• (1960) “The Apartment” (Jack Lemmon, Shirley MacLaine), “Wild River” (Montgomery Clift, Lee Remick) and “School for Scoundrels” (Ian Carmichael, Terry-Thomas).

  • (1961) “The Hustler” (Paul Newman, George C. Scott).

  • (1962) “The Miracle Worker” (Anne Bancroft, Patty Duke) and “Lolita” (James Mason, Peter Sellers).

  • (1963) “Charade” (Cary Grant, Audrey Hepburn).

  • (1964) “My Fair Lady” (Rex Harrison, Audrey Hepburn), “The World of Henry Orient” (Peter Sellers, Paula Prentiss) and “The Pumpkin Eater” (Anne Bancroft, Peter Finch).

  • (1966) “Alfie” (Michael Caine, Shelley Winters) and “Georgy Girl” (Lynn Redgrave, James Mason).

  • (1967) “Divorce, American Style” (Dick Van Dyke, Jason Robards) and “Two for the Road” (Audrey Hepburn, Albert Finney).

  • (1968) “The Odd Couple” (Jack Lemmon, Walter Matthau) and “Oliver!” (Ron Moody, Oliver Reed).

  • (1969) “Support Your Local Sheriff” (James Garner, Joan Hackett) and “Butch Cassidy & the Sundance Kid” (Paul Newman, Robert Redford).

  • (1970) “Patton” (George C. Scott, Karl Malden) and “The Out-of-Towners” (Jack Lemmon, Sandy Dennis).

  • (1971) “A New Leaf” (Elaine May, Walter Matthau) and “The French Connection” (Gene Hackman, Roy Scheider).

  • (1972) “The Godfather” (Marlon Brando, Al Pacino) and “The Heartbreak Kid” (Charles Grodin, Eddie Albert).

  • (1973) “Paper Moon” (Ryan O'Neal, Tatum O'Neal) and “The Sting” (Paul Newman, Robert Redford).

  • (1974) “The Apprenticeship of Duddy Kravitz” (Richard Dreyfuss, Joseph Wiseman).

  • (1976) “Rocky” (Sylvester Stallone, Talia Shire).

  • (1977) “The Goodbye Girl” (Richard Dreyfuss, Marsha Mason).

  • (1978) “House Calls” (Walter Matthau, Glenda Jackson).

  • (1979) “Breaking Away” (Dennis Christopher) and “The In-Laws” (Peter Falk, Alan Arkin).

  • (1982) “Diner” (Mickey Rourke, Kevin Bacon).

  • (1983) “Tender Mercies” (Robert Duvall, Tess Harper), “The Man with Two Brains” (Steve Martin, Kathleen Turner) and “A Christmas Story” (Peter Billingsley, Darren McGavin).

  • (1984) “Broadway Danny Rose” (Woody Allen, Mia Farrow) and “The Natural” (Robert Redford, Glenn Close).

  • (1985) “Murphy’s Romance” (James Garner, Sally Field), “Witness” (Harrison Ford, Kelly McGillis) and “Back to the Future” (Michael J. Fox).

  • (1986) “Hoosiers” (Gene Hackman, Barbara Hershey) and “Hannah & Her Sisters” (Woody Allen, Mia Farrow).

  • (1987) “The Princess Bride” (Cary Elwes, Mandy Patinkin), “The Untouchables” (Kevin Costner, Sean Connery), “Moonstruck” (Cher, Nicolas Cage) and “Tin Man” (Richard Dreyfuss, Danny DeVito).

  • (1988) “Midnight Run” (Charles Grodin, Robert DeNiro), “Die Hard” (Bruce Willis, Alan Rickman), “Crossing Delancey” (Peter Riegert, Amy Irving) and “Who Framed Roger Rabbit?” (Robert Hoskins).

  • (1989) “Field of Dreams” (Kevin Costner, James Earl Jones) and “The Tall Guy” (Jeff Goldblum, Emma Thompson).

  • (1990) “Green Card” (Gerard Depardieu, Andie McDowell), “Cinema Paradiso” (Philippe Noiret) and “Quigley Down Under” (Tom Selleck, Alan Rickman).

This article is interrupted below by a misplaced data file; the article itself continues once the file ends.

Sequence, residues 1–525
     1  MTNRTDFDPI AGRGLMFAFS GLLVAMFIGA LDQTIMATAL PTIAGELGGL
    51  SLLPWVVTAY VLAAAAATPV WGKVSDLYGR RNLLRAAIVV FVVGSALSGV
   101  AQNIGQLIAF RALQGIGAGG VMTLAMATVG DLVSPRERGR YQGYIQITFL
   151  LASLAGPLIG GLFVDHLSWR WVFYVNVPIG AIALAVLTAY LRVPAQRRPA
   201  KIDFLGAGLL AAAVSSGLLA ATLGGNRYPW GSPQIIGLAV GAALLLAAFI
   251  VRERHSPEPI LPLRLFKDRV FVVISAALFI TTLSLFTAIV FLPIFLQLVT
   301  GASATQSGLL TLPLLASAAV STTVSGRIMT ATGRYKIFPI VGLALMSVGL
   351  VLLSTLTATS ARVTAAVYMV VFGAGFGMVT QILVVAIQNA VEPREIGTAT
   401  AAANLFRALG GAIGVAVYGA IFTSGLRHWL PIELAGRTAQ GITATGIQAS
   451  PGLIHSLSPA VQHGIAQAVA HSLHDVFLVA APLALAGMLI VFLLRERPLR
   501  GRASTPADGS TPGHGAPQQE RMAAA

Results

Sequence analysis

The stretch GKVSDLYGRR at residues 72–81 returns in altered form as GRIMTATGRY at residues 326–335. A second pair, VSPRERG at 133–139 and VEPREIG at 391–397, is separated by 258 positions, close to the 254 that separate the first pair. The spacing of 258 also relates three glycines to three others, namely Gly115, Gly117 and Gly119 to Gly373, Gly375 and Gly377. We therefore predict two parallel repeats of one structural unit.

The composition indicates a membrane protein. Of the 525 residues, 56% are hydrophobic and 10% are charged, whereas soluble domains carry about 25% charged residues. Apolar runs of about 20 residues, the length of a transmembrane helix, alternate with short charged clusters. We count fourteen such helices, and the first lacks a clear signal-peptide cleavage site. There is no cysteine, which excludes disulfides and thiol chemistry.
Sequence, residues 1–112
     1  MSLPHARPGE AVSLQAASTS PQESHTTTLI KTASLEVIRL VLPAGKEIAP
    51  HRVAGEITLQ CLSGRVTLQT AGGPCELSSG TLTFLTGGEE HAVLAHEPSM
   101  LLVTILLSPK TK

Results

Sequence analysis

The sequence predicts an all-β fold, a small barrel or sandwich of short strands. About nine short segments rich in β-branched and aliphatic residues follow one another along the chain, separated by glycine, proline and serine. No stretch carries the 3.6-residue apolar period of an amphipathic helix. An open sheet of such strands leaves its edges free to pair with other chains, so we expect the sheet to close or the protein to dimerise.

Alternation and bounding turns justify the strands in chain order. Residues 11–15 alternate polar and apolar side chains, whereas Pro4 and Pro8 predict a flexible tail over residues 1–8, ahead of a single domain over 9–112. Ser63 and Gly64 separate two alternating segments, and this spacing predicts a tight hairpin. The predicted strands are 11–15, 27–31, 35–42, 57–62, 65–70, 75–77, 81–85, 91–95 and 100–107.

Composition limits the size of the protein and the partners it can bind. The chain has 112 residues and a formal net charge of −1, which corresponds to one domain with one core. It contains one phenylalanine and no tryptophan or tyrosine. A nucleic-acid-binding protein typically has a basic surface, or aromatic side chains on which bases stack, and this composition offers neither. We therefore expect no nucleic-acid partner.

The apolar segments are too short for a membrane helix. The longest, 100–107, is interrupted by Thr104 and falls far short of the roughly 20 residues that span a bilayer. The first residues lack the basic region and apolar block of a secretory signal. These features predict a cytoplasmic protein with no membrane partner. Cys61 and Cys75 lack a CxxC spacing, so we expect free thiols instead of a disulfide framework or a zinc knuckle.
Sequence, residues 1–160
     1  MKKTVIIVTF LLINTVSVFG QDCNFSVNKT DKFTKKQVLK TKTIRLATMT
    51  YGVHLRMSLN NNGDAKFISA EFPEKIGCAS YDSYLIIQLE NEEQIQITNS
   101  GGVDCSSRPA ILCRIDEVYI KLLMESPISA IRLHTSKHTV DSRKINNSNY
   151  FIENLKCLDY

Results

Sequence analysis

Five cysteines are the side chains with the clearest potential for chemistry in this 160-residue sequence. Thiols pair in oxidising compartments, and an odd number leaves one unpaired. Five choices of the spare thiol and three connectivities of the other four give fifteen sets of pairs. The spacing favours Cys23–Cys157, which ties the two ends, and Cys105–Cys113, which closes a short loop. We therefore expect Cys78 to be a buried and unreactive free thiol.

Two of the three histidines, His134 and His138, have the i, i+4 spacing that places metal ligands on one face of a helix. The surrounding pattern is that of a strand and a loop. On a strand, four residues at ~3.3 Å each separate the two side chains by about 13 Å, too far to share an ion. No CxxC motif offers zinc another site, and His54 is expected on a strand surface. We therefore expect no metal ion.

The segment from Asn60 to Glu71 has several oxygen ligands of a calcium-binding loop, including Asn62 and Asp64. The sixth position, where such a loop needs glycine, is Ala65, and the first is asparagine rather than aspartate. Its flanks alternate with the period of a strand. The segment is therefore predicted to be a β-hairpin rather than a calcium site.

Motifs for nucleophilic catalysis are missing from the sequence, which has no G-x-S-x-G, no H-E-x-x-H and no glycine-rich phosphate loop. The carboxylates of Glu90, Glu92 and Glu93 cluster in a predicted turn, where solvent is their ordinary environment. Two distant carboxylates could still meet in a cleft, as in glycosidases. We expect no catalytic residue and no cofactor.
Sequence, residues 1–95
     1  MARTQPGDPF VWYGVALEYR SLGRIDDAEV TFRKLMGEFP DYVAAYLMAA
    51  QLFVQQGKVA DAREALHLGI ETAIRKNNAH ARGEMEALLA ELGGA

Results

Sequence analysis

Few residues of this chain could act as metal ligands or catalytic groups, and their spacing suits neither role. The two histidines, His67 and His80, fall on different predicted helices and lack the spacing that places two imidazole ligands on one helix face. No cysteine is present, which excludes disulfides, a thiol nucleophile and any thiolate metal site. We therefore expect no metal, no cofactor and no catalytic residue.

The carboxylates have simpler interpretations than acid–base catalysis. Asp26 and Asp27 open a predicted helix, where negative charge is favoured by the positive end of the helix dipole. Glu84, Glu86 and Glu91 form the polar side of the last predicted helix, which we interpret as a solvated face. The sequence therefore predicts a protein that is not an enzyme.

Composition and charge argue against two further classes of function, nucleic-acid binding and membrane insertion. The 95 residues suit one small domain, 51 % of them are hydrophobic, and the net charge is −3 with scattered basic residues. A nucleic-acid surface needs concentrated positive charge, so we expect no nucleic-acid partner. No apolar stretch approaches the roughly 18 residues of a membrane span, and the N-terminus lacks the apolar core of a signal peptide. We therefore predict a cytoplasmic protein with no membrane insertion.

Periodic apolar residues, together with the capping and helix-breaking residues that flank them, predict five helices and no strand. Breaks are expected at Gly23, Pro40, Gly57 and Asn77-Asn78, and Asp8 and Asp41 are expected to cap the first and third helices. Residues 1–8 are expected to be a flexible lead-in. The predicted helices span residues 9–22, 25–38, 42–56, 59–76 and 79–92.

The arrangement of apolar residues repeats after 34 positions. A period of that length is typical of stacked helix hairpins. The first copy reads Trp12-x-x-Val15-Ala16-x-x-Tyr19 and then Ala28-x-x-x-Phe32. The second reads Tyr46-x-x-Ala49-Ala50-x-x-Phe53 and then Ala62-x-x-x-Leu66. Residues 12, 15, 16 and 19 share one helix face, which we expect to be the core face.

• (1991) “Defending Your Life” (Albert Brooks, Meryl Streep), “Dead Again” (Kenneth Branagh, Emma Thompson) and “Silence of the Lambs” (Anthony Hopkins, Jodie Foster).

  • (1992) “My Cousin Vinny” (Joe Pesci, Marisa Tomei), “Enchanted April” (Miranda Richardson, Alfred Molina), “Housesitter” (Steve Martin, Goldie Hawn) and “Peter’s Friends” (Stephen Fry, Emma Thompson).

  • (1993) “Remains of the Day” (Anthony Hopkins, Emma Thompson), “The Fugitive” (Harrison Ford, Tommy Lee Jones), “Groundhog Day” (Bill Murray, Andie McDowell) and “Falling Down” (Michael Douglas, Robert Duvall).

  • (1994) “Nobody’s Fool” (Paul Newman, Jessica Tandy) and “Four Weddings and a Funeral” (Hugh Grant, Andie McDowell).

  • (1995) “Sense & Sensibility” (Emma Thompson, Alan Rickman) and “A Family Thing” (Robert Duvall, James Earl Jones).

  • (1996) “Swingers” (Jon Favreau, Vince Vaughn) and “Fargo” (Frances McDormand, William Macy).

  • (1997) “L.A. Confidential” (Russell Crowe, Danny DeVito) and “Grosse Pointe Blank” (John Cusack, Minnie Driver).

  • (1998) “Sliding Doors” (Gwyneth Paltrow, John Hannah) and “Life is Beautiful” (Roberto Benigni).

  • (1999) “Election” (Matthew Broderick, Reese Witherspoon), “An Ideal Husband” (Rupert Everett, Julianne Moore) and “Mumford” (Loren Dean, Hope Davis).

  • (2000) “You Can Count on Me” (Laura Linney, Mark Ruffalo) and “Meet the Parents” (Ben Stiller, Robert DeNiro).

  • (2001) “Iris” (Judi Densch, James Broadbent") and “The Dish” (Sam O'Neill).

  • (2002) “About a Boy” (Hugh Grant, Rachel Weisz) and “Chicago” (Richard Gere, Reese Witherspoon).

  • (2003) “Love, Actually” (Hugh Grant, Emma Thompson).

  • (2005) “The Upside of Anger” (Kevin Costner, Joan Allen), “The Matador” (Pierce Brosnan) and “Kiss Kiss Bang Bang” (Robert Downey, Val Kilmer).

  • (2006) “Thank You for Smoking” (Aaron Eckhart) and “Nanny McPhee” (Emma Thompson).

  • (2008) “Gran Torino” (Clint Eastwood) and “Taken” (Liam Neeson).

  • (2009) “The Blind Side” (Sandra Bullock).

  • (2010) “The King’s Speech” (Colin Firth, Geoffrey Rush).

  • (2011) “The Artist” (Jean Dujardin) and “Bridesmaids” (Kristen Wiig, Melissa McCarthy).

  • (2012) “Silver Linings Playbook” (Bradley Cooper, Jennifer Lawrence).

  • (2014) “The Imitation Game” (Benedict Cumberbatch).

  • (2015) “The Woman in Gold” (Helen Mirren, Ryan Reynolds).

  • (2016) “Florence Foster Jenkins” (Meryl Streep, Hugh Grant).

That adds up to 171 movies, roughly 80 of them comedies. I don’t expect anyone is going to like the same movies I do, but I don’t think anyone is likely to hate any of them. And how likely it is that you can say that about any list of 171 movies?